Interpretation and implementation of the FCRA, as well as state and locality Ban the Box laws and policies that supplement the FCRA, evolve on an almost daily basis. Therefore, the information provided here is not intended to be legal advice. Please consult with your own legal counsel for advice related to your state or locality.
In addition to federal regulations regarding background screens, employers should be aware that individual states have instituted their own reporting requirements. Crimcheck has compiled a list of background check laws across all 50 states. As once example, similar to the FCRA’s restriction on reporting non convictions that are occurred over seven years past, some states have passed their own rules that further limit consumer reporting agencies (CRAs), such as Crimcheck from reporting both conviction and non-conviction data.
States that entirely bar non convictions from being reported regardless of when they occurred include California, Kentucky, New York and New Mexico. For this reason, in these states, employers may not see non conviction information in the background check report even if the data is available from an unexamined source, such as a law enforcement database.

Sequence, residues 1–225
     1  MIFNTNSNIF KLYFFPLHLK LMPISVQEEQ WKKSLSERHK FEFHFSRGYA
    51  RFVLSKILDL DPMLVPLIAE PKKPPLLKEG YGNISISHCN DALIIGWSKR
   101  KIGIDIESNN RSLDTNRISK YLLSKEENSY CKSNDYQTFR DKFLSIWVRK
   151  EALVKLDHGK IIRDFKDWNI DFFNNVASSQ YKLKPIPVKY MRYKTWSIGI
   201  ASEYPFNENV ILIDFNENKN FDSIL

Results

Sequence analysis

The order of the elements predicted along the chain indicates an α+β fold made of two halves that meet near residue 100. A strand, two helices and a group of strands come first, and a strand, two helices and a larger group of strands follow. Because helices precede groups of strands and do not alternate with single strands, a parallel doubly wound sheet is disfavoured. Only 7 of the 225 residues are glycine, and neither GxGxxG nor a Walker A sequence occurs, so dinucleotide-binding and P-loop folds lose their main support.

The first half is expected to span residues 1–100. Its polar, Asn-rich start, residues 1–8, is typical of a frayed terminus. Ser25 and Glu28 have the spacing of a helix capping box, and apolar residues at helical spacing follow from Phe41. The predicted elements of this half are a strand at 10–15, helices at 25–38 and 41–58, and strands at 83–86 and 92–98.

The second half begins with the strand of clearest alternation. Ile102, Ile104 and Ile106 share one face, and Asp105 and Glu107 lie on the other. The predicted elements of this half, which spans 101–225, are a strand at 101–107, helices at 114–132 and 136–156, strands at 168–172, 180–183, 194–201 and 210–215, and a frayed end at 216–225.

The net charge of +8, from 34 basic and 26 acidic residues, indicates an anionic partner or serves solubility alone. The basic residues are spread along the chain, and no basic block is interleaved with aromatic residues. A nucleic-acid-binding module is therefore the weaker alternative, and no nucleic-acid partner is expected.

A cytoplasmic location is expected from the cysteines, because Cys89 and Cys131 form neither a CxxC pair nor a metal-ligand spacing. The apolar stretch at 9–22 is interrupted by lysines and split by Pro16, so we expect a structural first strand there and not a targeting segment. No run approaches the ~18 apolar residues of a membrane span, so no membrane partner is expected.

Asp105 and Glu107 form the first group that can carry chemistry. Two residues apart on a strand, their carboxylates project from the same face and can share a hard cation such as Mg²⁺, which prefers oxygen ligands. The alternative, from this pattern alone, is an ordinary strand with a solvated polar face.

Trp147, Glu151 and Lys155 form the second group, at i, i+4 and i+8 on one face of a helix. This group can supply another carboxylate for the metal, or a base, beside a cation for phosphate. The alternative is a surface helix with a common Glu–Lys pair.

According to FCRA rules, convictions can be reported on the background screen regardless of when they occurred. However, several states limit the timeframe of conviction reporting to seven years. These states include California, Kansas, Maryland, Massachusetts, Montanan, New Mexico, New York, New Hampshire and Washington.
States have specific laws regarding how employers can use the information contained in the criminal record during the hiring process, such as “Ban the Box,” an initiative by advocates for ex-offender aimed at removing the check box that asks about a candidate’s criminal background. The momentum for the national adoption of “Ban-the-box” laws is steadily gathering pace. Currently there are 24 states and 150 cities that have adopted Ban-the-box laws.
Crimcheck automates reporting that is fully compliant with each state’s requirements to help your company avoid reading information that is not legally permitted to be disclosed.
Note: This information is not intended to be legal advice. Please consult with your own legal counsel for advice related to your state/locality. Living in Massachusetts? Click here to read more about CORI Checks.